On the day after Christmas, I went under my house and stomped a mirror to pieces. This wasn’t a unique household counter-superstition meant to guarantee good luck in the coming year. (In that matter, we hew to the old ways.) It was spring cleaning.
The calendar tells me it’s “winter.” I put the word in quotation marks, because we shouldn’t kid ourselves that what passes for winter in the San Francisco Bay Area counts as a real expression of that season. But we do have a part of the year when both rain and temperatures fall. Usually.
This year, though, we’ve had warmth and drouth. The high temperature in Oakland on Christmas Day was a record-breaking 69 degrees. About a quarter-inch of rain has fallen in December. The historical average is around five inches.
Without the seasonal cues telling us to hibernate then reemerge, we’re left to puzzle out our schedules as we please. If winter never starts, when, or how, can spring come? Might as well do the “spring” cleaning now, when we’ve got some extra time around the holidays.
We don’t have a basement. We have a dirt-floored cavern that runs the entire length and breadth of our house, has windows (now nailed shut), and is tall enough for me to stand with only occasional crouching under pipes and ducts. I don’t know what to call this. It’s not a crawlspace; crawling is entirely optional. Does that make it a walkspace? A sometimes-crouchspace?
Whatever it’s called, it’s nice to have, since our 1905 house is short on closets. As you’d expect, we stow our infrequently-used belongings down below: Christmas lights and ornaments, camping gear, paint, and so on, most of it packed in heavy-duty plastic bins with adhesive labels, all stacked on wooden pallets.
We also put things under the house that we think or hope might be useful some day. This includes a bin full of art supplies, the fenders that I took off my wife’s bike, and the two fluorescent tube fixtures that used to illuminate our kitchen. We replaced them not long after moving in, but I wanted to keep them. In the broken place that is my brain, I have “plans” to one day install the fixtures over the little workshop space I’ve carved out under the house. (I put the word in quotation marks because we shouldn’t kid ourselves.)
Then there’s the third category of objects down below: things that no longer have any utility for us, that never will have, but that I’ve been too lazy to get rid of. The word for these objects is “trash.” If we end up with something that’s difficult to dispose of properly, I’m likely to shove it under the house, close my eyes tight, and hope with that it goes away, like I do with feelings. Objects in this category include: an old mop, a tub of used antifreeze, and, for the past year or so, a broken mirror.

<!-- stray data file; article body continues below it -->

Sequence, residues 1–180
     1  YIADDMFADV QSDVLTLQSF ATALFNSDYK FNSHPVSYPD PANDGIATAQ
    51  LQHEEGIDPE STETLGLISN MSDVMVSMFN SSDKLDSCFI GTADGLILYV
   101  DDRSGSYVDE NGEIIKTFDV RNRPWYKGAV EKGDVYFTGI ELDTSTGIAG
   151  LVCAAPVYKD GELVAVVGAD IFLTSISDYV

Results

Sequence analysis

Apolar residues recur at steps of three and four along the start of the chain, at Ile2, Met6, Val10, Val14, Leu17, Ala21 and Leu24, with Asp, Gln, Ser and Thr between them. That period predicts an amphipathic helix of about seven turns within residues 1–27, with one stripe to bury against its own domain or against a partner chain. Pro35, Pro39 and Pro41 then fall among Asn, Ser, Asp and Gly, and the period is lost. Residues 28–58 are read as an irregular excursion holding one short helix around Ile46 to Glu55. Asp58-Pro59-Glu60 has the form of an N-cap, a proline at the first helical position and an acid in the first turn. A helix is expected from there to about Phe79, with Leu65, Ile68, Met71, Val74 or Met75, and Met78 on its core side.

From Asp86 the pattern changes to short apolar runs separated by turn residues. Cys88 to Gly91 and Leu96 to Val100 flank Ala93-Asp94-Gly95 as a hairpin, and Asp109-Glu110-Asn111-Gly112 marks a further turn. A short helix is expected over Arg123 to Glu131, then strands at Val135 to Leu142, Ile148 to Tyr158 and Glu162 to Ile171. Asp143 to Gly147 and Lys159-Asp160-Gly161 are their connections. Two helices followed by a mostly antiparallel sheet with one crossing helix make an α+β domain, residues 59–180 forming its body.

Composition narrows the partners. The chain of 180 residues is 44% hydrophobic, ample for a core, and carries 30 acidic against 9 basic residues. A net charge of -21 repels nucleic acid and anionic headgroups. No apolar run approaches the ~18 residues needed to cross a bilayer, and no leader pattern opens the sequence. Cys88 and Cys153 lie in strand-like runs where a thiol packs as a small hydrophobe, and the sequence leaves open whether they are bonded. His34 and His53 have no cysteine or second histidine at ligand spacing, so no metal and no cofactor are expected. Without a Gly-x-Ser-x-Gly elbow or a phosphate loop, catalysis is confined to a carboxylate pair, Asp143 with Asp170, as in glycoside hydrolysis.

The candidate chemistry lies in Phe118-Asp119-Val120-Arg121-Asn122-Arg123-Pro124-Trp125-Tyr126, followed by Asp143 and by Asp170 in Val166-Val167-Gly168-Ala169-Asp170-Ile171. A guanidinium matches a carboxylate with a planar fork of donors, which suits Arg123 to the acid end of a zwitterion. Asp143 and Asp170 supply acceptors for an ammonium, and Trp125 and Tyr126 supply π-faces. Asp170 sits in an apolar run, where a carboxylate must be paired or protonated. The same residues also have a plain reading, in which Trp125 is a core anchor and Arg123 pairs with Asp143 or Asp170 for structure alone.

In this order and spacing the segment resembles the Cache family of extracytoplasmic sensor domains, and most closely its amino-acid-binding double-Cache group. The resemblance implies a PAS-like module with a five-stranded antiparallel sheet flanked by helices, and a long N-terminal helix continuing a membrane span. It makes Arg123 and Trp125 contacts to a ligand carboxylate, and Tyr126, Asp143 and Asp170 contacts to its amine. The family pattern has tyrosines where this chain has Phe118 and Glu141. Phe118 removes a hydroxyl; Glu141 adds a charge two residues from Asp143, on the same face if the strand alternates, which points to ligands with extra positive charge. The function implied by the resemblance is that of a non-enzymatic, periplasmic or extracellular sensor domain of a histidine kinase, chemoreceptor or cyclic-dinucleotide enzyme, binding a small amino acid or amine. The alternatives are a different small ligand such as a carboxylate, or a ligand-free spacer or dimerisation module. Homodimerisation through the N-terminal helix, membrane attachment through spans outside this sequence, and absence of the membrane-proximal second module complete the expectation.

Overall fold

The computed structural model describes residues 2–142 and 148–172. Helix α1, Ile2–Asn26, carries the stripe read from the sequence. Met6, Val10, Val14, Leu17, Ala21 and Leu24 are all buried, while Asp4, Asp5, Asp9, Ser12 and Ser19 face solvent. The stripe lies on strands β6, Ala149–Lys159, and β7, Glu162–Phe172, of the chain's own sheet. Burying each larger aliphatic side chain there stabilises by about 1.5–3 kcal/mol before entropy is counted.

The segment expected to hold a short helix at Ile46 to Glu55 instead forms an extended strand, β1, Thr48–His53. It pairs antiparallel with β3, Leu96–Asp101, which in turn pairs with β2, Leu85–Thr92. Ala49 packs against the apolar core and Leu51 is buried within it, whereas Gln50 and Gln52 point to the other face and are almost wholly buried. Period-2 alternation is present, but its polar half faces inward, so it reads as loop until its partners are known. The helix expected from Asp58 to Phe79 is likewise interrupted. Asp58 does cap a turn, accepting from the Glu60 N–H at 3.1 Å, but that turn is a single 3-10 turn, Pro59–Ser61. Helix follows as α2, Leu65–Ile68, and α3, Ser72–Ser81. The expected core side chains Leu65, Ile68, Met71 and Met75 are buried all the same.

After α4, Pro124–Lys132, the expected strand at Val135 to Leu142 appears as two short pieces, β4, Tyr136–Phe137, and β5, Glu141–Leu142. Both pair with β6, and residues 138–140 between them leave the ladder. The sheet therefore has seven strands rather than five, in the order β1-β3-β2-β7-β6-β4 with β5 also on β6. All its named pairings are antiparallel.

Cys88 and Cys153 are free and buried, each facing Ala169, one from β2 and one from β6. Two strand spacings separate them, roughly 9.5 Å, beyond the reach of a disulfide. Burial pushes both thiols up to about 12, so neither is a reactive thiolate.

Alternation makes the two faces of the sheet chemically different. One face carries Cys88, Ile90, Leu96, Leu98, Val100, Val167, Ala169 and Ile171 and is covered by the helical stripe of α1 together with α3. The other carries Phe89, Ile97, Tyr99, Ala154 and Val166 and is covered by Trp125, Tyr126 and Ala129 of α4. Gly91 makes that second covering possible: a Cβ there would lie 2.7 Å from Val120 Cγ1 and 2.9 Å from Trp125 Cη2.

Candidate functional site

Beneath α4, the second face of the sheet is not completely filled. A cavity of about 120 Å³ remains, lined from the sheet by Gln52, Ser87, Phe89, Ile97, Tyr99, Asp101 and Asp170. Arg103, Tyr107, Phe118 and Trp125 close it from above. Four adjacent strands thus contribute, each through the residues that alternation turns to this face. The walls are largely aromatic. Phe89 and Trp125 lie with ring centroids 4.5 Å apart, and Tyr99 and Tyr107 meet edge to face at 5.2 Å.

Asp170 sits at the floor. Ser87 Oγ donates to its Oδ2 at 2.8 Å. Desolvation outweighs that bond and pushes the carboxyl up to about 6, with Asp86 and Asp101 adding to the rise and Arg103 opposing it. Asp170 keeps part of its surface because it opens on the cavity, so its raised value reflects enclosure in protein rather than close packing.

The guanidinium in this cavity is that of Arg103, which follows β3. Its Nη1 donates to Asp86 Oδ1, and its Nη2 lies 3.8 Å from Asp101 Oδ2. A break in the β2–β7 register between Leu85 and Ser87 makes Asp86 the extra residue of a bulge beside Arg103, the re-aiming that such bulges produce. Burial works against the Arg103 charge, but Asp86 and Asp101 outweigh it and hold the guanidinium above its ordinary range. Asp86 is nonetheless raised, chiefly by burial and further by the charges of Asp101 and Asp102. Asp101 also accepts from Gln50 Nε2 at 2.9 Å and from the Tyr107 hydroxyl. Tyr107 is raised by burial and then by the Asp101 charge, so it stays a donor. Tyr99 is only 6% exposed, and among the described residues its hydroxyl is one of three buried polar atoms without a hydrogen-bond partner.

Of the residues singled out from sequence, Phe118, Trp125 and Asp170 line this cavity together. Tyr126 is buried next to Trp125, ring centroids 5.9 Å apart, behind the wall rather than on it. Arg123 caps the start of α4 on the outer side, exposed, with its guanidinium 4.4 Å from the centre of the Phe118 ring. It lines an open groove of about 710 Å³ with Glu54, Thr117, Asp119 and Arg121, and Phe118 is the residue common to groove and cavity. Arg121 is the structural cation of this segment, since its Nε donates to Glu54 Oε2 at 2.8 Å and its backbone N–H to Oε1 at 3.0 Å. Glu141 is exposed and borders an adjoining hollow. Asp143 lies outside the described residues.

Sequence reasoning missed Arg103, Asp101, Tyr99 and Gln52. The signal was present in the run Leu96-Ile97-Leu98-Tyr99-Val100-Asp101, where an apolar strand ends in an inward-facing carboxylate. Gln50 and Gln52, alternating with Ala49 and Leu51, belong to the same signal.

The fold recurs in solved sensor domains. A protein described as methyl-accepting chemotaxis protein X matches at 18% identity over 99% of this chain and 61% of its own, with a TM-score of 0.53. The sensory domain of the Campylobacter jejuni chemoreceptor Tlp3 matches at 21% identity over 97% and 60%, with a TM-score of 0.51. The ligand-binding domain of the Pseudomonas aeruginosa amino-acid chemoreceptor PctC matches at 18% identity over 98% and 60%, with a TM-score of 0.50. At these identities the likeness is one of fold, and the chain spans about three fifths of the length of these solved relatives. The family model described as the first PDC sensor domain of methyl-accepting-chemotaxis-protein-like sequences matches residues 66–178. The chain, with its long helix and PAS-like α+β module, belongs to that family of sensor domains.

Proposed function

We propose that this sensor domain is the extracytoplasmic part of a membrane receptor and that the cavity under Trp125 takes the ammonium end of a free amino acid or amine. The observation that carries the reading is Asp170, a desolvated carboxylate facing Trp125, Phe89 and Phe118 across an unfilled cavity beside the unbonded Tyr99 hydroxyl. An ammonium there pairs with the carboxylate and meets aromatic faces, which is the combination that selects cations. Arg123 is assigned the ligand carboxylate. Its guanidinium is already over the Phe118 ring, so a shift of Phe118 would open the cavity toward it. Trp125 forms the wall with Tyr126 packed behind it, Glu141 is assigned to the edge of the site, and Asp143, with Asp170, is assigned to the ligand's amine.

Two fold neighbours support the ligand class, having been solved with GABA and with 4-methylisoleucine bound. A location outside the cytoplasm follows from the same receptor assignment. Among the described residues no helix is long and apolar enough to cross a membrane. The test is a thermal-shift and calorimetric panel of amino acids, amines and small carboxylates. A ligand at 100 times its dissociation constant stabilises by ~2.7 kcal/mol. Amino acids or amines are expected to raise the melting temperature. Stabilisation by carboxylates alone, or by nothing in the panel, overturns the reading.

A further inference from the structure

My Boxing Day mandate was to get rid of the broken mirror. I knew that there was a proper way to do it. I don’t mean the various prescriptions applied by superstition to ward off the bad luck earned by breaking the thing, which seem to vary nationally and regionally. My personal favorite: bury the pieces of the mirror on the night of a full moon. Some people say you have to bury it under a tree; others are silent as to location. This means that there are non-trivial amounts of glass buried in the ground pretty close to where people live, all over the country. So that’s cool.
I mean, instead, that my local waste management authority almost certainly has a procedure one must follow or a place one must go to properly dispose of a broken mirror or other piece of plate glass. Standing under the house though, I had no idea what it was, and I had no interest in finding out.
Once I do work up the resolution to deal with an unpleasant remnant under the house — often prompted by my wife, who is always reasonable and correct when she says “It’s time to deal with the unpleasant remnant under the house” — I become very motivated and focused on that task, to the exclusion of other activities. Never mind that I was carrying a device that connects me instantaneously to all world knowledge, including my local waste management authority’s prescriptions for mirror disposal. I wasn’t under the house to look things up on my phone. I was under there to get rid of a mirror.
Put another way, I’d spent over a year willfully ignoring this mirror under the house. Why would I spend a whit more of thought on it now? I just wanted it out of my life.
So I improvised. I have a roll of thick plastic sheeting — which I can’t remember buying, and wonder now what I intended when I bought it — and I cut off a piece about eight feet long. I stretched it out on the ground and put the mirror at one end. I then applied the technology of stomping, spending a couple of minutes stepping repeatedly on my own reflected face, to break the mirror into lots of smaller pieces. In the end I had to tear the pieces apart by (gloved) hand because the safety backing kept them together. Little shardlets would sometimes fly up toward my be-goggled eyes.
When all the stomping and tearing was done, I had a pile of mirror parts and lots of pieces of myself staring back at me. I rolled it all up in the long plastic and stapled the whole thing shut. Into the trash bin it went, never to be thought of again.
And that’s how we deal with
feelings broken mirrors where I live.